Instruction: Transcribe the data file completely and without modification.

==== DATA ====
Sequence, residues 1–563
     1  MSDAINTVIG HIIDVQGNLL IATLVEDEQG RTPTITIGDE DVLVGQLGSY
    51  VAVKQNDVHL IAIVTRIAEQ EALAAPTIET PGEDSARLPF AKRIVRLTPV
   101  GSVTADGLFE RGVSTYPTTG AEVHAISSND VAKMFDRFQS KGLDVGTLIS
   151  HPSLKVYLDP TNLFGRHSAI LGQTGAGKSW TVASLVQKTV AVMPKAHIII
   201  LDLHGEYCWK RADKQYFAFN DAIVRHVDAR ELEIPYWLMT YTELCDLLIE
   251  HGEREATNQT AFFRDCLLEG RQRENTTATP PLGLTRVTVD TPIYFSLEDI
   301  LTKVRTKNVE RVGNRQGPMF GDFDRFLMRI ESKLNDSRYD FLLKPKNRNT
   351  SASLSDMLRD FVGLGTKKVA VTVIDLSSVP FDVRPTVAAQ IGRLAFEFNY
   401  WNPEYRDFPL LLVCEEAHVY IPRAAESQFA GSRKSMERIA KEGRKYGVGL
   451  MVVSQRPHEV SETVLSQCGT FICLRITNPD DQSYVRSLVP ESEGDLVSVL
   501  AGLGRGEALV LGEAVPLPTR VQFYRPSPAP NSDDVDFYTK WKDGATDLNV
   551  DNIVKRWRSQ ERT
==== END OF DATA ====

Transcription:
Sequence, residues 1–563
     1  MSDAINTVIG HIIDVQGNLL IATLVEDEQG RTPTITIGDE DVLVGQLGSY
    51  VAVKQNDVHL IAIVTRIAEQ EALAAPTIET PGEDSARLPF AKRIVRLTPV
   101  GSVTADGLFE RGVSTYPTTG AEVHAISSND VAKMFDRFQS KGLDVGTLIS
   151  HPSLKVYLDP TNLFGRHSAI LGQTGAGKSW TVASLVQKTV AVMPKAHIII
   201  LDLHGEYCWK RADKQYFAFN DAIVRHVDAR ELEIPYWLMT YTELCDLLIE
   251  HGEREATNQT AFFRDCLLEG RQRENTTATP PLGLTRVTVD TPIYFSLEDI
   301  LTKVRTKNVE RVGNRQGPMF GDFDRFLMRI ESKLNDSRYD FLLKPKNRNT
   351  SASLSDMLRD FVGLGTKKVA VTVIDLSSVP FDVRPTVAAQ IGRLAFEFNY
   401  WNPEYRDFPL LLVCEEAHVY IPRAAESQFA GSRKSMERIA KEGRKYGVGL
   451  MVVSQRPHEV SETVLSQCGT FICLRITNPD DQSYVRSLVP ESEGDLVSVL
   501  AGLGRGEALV LGEAVPLPTR VQFYRPSPAP NSDDVDFYTK WKDGATDLNV
   551  DNIVKRWRSQ ERT